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1 September 2002 Daily Activity Pattern and Habitat Use of Greater White-fronted Geese Wintering in Japan: Factors of the Population Increase
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Abstract

During 20 years, numbers of Greater White-fronted Geese (Anser albifrons) wintering in Japan have increased 5.6 times (ca. 46,000 in 1999), with over 80% of the geese concentrated around Lake Izunuma-Uchinuma, in northern Japan. Detailed information on the wintering ecology of the geese had not been investigated in Japan and the daily activity pattern and habitat use of the geese were studied around the lake in three winters (October-February), 1996/97, 1997/98 and 1998/99. The daily activity pattern, i.e., flight timing and behavior relating to environmental factors (light intensity, snowfall, temperature and wind speed), was similar to that for several other geese species in temperate areas. The geese wintering in Japan depended exclusively on rice in fields; they foraged in stubble fields, where the density of rice grains was much higher than that in plowed fields. However, the area of stubble fields around the lake has decreased from 1980 to 2000, while combine harvesters replaced machinery, which only cut the rice plants (reapers). The amount of rice grains left in the fields by the combine harvesters was 8.7 times than the reapers. The replaced cropping machinery increased the abundance of food and might facilitate an increase in geese numbers.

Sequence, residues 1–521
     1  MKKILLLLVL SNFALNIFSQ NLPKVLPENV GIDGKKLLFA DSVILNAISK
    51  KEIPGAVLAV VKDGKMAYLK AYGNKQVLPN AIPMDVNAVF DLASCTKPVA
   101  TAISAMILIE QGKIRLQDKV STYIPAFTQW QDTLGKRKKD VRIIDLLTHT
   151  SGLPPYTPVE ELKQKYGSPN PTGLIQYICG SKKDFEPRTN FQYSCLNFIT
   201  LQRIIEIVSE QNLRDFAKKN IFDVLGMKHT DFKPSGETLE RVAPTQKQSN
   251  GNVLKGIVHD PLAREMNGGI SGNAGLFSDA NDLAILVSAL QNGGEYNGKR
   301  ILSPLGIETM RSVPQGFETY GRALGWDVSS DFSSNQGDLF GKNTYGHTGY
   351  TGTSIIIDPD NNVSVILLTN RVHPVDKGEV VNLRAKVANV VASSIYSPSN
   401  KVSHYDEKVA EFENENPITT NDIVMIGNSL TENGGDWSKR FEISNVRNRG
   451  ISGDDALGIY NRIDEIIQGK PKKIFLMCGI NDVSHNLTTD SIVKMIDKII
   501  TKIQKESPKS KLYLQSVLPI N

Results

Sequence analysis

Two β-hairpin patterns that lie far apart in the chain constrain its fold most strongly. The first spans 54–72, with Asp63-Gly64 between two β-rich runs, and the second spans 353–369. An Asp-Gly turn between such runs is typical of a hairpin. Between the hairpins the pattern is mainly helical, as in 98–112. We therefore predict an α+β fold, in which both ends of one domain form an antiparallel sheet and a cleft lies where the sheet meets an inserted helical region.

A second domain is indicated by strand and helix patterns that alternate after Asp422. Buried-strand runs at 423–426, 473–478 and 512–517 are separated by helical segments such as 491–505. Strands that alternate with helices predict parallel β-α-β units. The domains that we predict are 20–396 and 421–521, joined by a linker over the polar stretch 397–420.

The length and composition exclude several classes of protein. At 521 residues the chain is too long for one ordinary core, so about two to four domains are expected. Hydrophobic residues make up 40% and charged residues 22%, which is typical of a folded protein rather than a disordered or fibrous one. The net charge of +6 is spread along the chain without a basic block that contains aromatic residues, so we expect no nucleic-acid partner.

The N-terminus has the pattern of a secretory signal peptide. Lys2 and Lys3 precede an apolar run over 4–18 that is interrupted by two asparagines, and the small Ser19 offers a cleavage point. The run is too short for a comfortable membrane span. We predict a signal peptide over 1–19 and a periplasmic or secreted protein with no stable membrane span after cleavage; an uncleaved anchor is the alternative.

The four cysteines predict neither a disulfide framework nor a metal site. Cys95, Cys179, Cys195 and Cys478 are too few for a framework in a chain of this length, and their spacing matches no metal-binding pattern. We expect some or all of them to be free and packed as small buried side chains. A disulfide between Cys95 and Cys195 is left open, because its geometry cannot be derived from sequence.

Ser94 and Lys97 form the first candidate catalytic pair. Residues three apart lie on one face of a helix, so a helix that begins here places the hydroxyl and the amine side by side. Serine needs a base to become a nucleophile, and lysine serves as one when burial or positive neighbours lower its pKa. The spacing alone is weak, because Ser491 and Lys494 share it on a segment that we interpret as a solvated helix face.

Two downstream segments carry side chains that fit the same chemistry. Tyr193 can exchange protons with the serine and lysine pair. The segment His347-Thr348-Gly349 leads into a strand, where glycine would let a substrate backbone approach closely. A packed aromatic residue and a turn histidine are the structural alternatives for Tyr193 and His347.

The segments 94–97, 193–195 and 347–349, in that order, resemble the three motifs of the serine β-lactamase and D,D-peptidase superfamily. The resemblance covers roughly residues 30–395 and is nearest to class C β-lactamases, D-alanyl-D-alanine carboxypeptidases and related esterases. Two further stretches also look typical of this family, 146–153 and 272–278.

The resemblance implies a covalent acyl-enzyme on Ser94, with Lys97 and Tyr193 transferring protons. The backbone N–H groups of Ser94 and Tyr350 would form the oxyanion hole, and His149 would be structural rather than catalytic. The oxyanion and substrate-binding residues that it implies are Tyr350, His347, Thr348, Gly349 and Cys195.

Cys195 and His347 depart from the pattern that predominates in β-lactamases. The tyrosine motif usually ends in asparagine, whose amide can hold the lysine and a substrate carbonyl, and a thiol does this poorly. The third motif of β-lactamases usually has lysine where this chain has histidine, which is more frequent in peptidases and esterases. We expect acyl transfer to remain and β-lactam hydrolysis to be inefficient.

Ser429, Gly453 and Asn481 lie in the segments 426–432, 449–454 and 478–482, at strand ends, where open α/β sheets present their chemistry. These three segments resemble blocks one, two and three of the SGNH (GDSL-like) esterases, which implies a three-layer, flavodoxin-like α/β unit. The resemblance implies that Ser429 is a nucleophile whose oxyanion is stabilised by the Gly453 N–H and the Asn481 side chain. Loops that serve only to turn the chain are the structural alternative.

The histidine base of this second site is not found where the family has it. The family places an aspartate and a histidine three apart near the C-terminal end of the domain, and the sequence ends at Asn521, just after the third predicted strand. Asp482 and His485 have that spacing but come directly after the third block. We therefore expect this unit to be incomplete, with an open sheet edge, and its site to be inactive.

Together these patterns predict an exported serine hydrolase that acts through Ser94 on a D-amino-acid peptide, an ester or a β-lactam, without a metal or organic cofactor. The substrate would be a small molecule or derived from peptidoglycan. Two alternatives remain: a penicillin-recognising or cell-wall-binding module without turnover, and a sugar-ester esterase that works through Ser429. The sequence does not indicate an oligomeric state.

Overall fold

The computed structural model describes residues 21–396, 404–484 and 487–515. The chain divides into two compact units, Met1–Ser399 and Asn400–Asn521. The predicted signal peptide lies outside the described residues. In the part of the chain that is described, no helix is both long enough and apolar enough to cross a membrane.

Tetsuo Shimada "Daily Activity Pattern and Habitat Use of Greater White-fronted Geese Wintering in Japan: Factors of the Population Increase," Waterbirds 25(3), 371-377, (1 September 2002). https://doi.org/10.1675/1524-4695(2002)025[0371:DAPAHU]2.0.CO;2
Received: 5 October 2001; Accepted: 1 February 2002; Published: 1 September 2002
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